Why is it so important? Three reasons jump off the pages of the white paper. First, nearly 70 organizations with global reach have already signed on for the effort,. Second, the participating institutions and individuals are top-level, the sort that can get things done, and include large funders such as the NIH and NCI in the United States. Finally, what they write about is so fundamental and so sensible that it frankly took me by surprise. Reading white papers is seldom exciting, but this one was for me. There are many challenges ahead for clinical genomics, but here at long last was proof that many of the top minds are not only on it, they are beginning to work together in constructive ways.
A desperate need for genome research
The genesis of the global alliance effort is nicely summed up by the white paper authors: “In practice, however, we are not organized to seize this extraordinary opportunity [re: genomics]—nor are we on a path to do so. . . . If we remain on the current path, the likely outcome will be a hodge-podge of balkanized systems—as developed in the U.S. for electronic medical records—a system that inhibits learning and improving health care.” There is a desperate need in genomics, therefore, to develop international processes and standards that allow meaningful and secure data sharing. Without it, genome analysis may never accumulate a big enough N—the number of individual genomes in the research sample—to acquire the power needed to realize the potential of clinical genomics.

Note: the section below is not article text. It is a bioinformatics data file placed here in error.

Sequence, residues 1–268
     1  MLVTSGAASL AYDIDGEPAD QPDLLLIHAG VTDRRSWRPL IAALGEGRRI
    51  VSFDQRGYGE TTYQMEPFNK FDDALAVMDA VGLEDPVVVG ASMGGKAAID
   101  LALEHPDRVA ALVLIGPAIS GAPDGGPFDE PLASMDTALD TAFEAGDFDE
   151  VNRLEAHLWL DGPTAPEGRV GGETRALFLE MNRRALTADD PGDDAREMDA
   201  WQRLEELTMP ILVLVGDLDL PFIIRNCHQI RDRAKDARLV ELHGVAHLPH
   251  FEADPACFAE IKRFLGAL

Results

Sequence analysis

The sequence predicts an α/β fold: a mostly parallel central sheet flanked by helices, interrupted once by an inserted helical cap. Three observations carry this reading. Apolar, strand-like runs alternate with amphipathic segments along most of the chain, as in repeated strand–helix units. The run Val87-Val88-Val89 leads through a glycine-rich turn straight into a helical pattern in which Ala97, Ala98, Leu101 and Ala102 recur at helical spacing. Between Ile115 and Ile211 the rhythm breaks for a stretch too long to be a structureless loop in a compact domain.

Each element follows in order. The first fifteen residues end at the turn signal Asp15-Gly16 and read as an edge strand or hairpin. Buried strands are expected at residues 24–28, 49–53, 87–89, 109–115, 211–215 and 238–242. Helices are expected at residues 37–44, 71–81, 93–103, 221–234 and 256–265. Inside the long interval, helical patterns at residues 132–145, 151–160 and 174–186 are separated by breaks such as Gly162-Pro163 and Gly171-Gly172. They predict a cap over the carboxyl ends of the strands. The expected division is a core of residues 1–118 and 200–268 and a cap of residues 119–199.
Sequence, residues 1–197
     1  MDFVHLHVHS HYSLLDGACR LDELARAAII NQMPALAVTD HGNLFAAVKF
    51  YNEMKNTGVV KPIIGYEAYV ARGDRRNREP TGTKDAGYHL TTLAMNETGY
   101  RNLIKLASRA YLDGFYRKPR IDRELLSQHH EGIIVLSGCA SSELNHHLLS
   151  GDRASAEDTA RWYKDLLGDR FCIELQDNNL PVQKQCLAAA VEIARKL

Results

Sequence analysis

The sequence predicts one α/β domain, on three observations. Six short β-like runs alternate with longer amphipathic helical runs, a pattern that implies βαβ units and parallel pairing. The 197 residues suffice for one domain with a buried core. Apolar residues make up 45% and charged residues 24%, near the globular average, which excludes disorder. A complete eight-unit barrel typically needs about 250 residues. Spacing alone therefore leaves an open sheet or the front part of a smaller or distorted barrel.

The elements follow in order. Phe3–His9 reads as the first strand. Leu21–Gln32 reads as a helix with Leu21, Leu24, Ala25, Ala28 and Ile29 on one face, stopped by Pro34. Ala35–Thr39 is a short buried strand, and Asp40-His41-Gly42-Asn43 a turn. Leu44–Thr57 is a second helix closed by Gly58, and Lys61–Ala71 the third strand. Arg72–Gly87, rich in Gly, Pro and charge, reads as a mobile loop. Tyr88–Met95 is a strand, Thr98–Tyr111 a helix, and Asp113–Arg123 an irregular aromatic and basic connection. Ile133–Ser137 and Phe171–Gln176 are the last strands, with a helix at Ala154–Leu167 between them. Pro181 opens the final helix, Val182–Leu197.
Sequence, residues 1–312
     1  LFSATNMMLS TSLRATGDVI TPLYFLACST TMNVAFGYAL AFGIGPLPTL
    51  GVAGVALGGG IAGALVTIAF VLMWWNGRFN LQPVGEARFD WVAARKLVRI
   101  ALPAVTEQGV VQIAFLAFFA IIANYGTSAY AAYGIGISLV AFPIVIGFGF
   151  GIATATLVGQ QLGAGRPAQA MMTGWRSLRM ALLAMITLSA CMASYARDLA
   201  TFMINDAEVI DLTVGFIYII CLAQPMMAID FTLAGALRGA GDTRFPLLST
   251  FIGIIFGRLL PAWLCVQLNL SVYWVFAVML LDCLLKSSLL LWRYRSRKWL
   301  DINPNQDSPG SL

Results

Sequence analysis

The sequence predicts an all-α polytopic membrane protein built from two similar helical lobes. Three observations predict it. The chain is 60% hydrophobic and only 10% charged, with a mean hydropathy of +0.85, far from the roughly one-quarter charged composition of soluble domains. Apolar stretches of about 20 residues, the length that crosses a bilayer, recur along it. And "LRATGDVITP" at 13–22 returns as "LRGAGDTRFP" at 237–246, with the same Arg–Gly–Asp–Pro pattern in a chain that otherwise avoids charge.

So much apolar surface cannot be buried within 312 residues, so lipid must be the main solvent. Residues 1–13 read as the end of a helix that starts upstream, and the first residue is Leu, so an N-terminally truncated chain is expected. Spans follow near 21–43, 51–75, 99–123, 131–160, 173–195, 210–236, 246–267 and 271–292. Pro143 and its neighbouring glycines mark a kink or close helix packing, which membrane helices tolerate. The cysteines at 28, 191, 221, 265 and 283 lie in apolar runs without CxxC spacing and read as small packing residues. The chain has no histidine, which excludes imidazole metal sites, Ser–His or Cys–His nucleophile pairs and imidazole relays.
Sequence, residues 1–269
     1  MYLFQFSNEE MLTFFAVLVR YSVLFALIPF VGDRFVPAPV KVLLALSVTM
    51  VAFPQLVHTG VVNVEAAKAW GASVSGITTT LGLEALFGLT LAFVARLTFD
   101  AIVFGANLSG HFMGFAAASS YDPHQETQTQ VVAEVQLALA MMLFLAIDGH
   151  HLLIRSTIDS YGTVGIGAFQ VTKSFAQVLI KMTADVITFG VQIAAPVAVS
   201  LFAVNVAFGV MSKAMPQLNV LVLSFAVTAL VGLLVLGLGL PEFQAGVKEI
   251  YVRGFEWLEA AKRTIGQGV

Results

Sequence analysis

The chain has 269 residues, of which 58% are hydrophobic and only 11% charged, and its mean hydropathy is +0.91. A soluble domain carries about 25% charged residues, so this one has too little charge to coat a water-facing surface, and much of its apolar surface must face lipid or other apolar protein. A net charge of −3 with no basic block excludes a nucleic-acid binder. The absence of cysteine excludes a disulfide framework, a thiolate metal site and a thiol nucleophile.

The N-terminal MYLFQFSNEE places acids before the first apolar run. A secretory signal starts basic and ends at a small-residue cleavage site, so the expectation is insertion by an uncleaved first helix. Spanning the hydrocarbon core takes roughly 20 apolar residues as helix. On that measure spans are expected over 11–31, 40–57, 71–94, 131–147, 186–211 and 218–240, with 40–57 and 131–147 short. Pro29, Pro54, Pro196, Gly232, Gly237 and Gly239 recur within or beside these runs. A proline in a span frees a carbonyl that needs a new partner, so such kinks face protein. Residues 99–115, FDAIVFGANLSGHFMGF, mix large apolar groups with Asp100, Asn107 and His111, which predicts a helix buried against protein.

The authors go on to elaborate:
Today, with incumbents established, the US medical record system is nearly impossible to change.
In contrast, the Internet, WWW and Human Genome Project are open, despite efforts to create walled gardens. Secure systems make it possible to transmit private information on the Internet (e.g. financial transactions). The resulting explosion of innovation has transformed our world.
As we enter the era of widespread genome sequencing, we face another such fork in the road.